Your cycles and your actual blood levels may determine whether you have PCOS even in your teens, so be sure to track your cycles and bring that information to your gyno
Consultations are needed over time! Adolescents may have cystic appearing ovaries that will resolve, and it's important not to have the diagnosis rushed
Examination needs to look in detail about hair growth distribution, whether you have hair loss, whether you have an abnormal shape or texture to your thyroid gland, body fat distribution, any presence of abnormal dark spots on your skin.
Ultrasound; there are new criteria for how many cysts you need to have to meet the diagnosis of PCOS ovaries. You need at least 18 small follicles or cysts per ovary to meet the new definition
Blood Hormone Tests: some tests need to be done in the morning, some testing should be repeated more than once, progesterone levels on day 22-24 to check for ovulation should be done, and hormone tests of the adrenal gland should be checked as well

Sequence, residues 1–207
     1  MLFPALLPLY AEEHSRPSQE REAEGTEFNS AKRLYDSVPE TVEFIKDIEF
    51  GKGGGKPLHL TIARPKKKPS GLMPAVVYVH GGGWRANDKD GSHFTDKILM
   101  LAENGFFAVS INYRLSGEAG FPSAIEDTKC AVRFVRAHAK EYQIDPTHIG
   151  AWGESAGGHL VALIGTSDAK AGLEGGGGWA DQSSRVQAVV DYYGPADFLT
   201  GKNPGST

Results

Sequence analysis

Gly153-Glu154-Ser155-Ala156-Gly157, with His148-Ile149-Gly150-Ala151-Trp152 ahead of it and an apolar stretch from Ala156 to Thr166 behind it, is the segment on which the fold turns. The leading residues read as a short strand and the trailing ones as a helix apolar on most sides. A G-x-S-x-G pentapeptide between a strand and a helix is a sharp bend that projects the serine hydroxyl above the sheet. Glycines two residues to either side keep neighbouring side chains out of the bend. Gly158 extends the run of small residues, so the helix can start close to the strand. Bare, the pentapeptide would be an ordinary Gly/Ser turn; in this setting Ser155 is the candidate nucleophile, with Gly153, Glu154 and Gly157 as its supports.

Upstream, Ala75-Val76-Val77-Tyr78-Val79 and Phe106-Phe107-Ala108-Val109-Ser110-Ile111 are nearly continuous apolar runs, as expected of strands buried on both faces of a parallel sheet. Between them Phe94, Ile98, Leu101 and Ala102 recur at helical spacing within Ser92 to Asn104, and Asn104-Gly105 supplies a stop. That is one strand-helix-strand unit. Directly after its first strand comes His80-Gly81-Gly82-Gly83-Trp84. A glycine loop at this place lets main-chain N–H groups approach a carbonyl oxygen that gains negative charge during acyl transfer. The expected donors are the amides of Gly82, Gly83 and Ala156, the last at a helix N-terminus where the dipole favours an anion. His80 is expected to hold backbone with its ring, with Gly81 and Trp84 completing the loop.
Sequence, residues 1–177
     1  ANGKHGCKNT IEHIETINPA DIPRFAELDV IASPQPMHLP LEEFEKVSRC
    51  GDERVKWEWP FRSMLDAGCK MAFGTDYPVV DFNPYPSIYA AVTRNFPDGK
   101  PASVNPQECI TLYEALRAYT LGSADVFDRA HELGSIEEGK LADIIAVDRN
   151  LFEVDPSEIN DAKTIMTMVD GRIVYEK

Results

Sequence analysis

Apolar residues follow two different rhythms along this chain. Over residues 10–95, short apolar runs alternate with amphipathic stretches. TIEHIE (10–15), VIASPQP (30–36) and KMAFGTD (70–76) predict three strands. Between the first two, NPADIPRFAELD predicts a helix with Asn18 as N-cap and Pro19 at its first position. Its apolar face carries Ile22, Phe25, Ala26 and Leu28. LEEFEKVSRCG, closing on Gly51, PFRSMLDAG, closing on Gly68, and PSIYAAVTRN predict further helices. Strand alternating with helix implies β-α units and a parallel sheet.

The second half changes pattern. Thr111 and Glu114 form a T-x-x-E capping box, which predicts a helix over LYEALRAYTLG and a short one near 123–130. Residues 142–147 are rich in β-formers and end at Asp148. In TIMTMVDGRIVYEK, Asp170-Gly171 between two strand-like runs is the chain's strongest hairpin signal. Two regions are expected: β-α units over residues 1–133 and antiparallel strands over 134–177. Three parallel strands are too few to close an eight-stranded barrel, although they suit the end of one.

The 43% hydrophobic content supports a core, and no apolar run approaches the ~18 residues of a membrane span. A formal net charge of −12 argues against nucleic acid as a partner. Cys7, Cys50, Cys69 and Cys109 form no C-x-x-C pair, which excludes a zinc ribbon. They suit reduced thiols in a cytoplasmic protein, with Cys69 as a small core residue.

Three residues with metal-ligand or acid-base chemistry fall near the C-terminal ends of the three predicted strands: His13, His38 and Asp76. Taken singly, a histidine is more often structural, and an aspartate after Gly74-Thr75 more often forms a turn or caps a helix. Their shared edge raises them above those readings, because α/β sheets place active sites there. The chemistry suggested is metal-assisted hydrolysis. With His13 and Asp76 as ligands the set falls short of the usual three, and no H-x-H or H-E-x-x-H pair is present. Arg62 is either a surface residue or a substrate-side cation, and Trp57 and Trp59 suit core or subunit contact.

Dietary Assessments including Gall Bladder check which can be done by ultrasound, if you are overweight get checked for fatty liver as well.
Get advanced nutritional And blood fat and lipid testing: although Hba1c is a good check for long term sugar control in diabetics and pre-diabetics,, PCOS patients may test normal on this test in spite of abnormalities in their sugar control. PCOS patients need a 2 hr glucose test, and it should be repeated every 2-3 years
Nutrition and Exercise Regimen: this should control for carbohydrate consumption especially that of simple sugars.
Skin Care: the better your acne control is the less acne scaring and less pigment change you have secondary to the inflammation. Control of acne with regular medically supervised peels, and exfoliating treatments are important.
Hair Reduction: this responds well to blocking the production of male hormones. There are medications available that are not technically approved for this indication and they may have side effects you have to consider seriously